Experts to explore genetics, therapies for connective tissue diseases at Jefferson
Stem cells, gene therapy offer hope for disorders such as skin-blistering diseases, arthritis
Connective tissue diseases are common, including rheumatoid arthritis, osteoarthritis, and even degenerative skin changes that come with aging. Diabetic foot ulcers that refuse to heal have become a major health issue in this country. A number of inherited connective tissue disorders can cause a great deal of damage and can be life-threatening.
"Today we know the basic genetics behind many connective tissue diseases, and are beginning to understand precisely in many cases what the genetic mutations are and how they cause disease," says Jouni Uitto, M.D., Ph.D., professor and chair of the Department of Dermatology and Cutaneous Biology at Jefferson Medical College of Thomas Jefferson University in Philadelphia, who studies the devastating and potentially life-threatening skin-blistering disease, epidermolysis bullosa (EB).
To discuss the latest advances in both basic science and potential therapies for a number of connective tissue disorders, Jefferson is hosting the 12th International Symposium on Basement Membranes Wednesday, June 15, 2005 to Saturday, June 18, 2005. The meeting will be held at Jefferson Alumni Hall, 1020 Locust Street in Philadelphia.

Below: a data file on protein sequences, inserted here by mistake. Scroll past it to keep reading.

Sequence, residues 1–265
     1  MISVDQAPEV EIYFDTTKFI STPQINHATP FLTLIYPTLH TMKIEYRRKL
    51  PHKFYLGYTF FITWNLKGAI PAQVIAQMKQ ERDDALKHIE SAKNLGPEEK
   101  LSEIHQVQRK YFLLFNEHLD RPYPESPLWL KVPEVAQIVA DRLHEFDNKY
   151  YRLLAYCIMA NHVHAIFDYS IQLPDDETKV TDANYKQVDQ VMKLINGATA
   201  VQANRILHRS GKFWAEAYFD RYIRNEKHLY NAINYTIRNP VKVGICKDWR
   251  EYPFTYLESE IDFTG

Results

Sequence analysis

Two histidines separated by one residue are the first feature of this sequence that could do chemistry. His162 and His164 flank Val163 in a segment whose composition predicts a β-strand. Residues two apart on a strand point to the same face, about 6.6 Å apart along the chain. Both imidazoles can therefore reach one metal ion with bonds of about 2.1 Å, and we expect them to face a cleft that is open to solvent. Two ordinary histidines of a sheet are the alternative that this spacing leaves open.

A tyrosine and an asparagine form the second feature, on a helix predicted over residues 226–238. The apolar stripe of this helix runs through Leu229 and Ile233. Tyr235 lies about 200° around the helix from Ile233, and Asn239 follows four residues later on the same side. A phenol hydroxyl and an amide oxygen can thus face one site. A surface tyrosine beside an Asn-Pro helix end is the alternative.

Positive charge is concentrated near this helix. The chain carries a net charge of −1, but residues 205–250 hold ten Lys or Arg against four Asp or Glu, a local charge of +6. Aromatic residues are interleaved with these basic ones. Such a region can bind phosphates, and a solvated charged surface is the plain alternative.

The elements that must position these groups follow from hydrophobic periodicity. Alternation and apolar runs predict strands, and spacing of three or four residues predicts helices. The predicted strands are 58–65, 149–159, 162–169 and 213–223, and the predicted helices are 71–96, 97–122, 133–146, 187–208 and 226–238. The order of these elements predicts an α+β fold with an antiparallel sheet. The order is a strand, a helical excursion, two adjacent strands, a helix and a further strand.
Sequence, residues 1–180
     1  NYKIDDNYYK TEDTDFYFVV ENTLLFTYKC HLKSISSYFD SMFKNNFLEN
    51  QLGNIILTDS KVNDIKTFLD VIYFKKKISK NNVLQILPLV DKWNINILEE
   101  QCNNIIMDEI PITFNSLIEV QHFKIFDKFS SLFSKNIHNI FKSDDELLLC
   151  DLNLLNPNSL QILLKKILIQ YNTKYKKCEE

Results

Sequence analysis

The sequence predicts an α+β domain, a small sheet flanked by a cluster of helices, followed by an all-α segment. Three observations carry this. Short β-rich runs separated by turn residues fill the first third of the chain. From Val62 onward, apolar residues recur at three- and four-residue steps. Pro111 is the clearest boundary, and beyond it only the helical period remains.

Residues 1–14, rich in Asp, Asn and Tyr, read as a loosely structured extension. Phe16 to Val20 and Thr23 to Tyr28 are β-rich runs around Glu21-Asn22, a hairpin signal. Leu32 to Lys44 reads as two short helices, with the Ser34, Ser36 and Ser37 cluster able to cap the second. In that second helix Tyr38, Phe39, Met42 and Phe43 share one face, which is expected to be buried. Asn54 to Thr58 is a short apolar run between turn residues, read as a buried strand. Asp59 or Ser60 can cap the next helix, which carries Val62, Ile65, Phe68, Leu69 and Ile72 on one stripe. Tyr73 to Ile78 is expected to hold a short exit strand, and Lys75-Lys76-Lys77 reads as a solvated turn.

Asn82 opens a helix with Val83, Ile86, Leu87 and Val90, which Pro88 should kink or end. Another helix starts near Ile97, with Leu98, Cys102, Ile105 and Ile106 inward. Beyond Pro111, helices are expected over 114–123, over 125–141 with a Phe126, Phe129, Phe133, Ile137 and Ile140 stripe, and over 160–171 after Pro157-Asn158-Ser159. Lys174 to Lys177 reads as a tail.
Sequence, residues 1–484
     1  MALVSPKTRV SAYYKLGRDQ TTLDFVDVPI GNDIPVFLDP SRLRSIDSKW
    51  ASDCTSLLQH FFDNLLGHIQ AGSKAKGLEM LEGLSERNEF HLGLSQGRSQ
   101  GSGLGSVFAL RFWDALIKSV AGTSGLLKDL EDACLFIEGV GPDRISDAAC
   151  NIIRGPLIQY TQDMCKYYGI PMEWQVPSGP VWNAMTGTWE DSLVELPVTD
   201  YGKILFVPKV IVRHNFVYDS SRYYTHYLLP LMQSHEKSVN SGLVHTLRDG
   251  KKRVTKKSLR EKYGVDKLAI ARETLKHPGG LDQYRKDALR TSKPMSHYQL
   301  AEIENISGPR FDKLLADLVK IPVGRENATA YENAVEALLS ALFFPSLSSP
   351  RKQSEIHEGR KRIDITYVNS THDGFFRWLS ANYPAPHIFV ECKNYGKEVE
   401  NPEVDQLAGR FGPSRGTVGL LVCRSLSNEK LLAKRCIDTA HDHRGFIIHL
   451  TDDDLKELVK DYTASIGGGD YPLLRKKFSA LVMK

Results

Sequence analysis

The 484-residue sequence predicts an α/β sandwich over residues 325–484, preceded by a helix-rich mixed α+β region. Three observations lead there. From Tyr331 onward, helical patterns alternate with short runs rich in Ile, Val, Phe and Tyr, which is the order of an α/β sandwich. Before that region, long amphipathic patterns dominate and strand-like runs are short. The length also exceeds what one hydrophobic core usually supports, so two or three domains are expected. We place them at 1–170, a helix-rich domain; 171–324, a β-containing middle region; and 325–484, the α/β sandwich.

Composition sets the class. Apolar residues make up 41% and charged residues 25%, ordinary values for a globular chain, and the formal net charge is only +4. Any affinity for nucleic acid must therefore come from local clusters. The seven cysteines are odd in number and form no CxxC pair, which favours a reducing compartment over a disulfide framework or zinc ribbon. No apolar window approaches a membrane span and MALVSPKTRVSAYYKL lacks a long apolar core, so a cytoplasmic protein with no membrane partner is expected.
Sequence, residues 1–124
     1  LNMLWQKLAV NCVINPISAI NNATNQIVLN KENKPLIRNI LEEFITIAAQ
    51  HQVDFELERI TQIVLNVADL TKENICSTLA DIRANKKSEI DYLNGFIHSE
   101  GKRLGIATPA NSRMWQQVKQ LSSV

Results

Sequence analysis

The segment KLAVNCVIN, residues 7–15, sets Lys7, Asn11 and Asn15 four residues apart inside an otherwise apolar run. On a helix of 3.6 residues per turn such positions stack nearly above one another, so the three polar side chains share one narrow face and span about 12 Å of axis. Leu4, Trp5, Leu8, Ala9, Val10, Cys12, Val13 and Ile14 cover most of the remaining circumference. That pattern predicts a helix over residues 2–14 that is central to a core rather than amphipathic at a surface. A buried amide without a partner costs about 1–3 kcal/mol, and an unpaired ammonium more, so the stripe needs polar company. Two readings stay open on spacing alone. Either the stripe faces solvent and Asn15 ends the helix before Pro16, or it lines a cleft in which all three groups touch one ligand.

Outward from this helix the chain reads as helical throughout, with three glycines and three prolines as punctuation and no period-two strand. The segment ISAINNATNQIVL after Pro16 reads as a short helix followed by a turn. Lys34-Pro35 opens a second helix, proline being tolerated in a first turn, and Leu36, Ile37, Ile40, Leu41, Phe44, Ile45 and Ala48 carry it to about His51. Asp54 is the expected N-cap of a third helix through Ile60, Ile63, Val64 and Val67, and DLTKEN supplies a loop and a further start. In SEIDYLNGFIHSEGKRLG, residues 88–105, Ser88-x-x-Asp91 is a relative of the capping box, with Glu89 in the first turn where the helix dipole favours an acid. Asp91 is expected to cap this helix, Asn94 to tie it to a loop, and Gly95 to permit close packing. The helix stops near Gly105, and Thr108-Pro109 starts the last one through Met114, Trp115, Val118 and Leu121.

"Much of the current research on connective tissue diseases is predicated on the development of animal models that can recapitulate the clinical disease," Dr. Uitto says. "That's really where the state of the art is now in research – creating and studying such preclinical disease models."
EB, he notes, is not especially common, but "has been very instructional in understanding the function of normal basement membranes." Basement membranes provide foundations for a variety of tissues, including forming a strong sheath around blood vessels.
In EB, an individual's skin literally peels off as a result of minor injury, leaving individuals vulnerable to infection. In the last decade, scientists have been uncovering the molecular origins of such diseases, he says, noting that researchers have pinpointed at least 10 genes harboring mutations involved in EB. Such information has also helped explain how normal tissue functions. "The rare mutations we've found have provided insights into how skin works," he notes.
In addition, many researchers have begun exploring the potential use of both gene therapy and stem cell-based therapies in treating such disorders.
On Saturday, June 18, a special Matrix Biology Symposium will be held to honor renowned molecular biologist Darwin Prockop. M.D., Ph.D., professor of biochemistry and director of the Center for Gene Therapy at Tulane University Health Sciences Center. The meeting is a biennial event that was last held in 2003 in Japan. The meeting is supported by the Lennox K. Black International Prize for Excellence in Medicine at Thomas Jefferson University.
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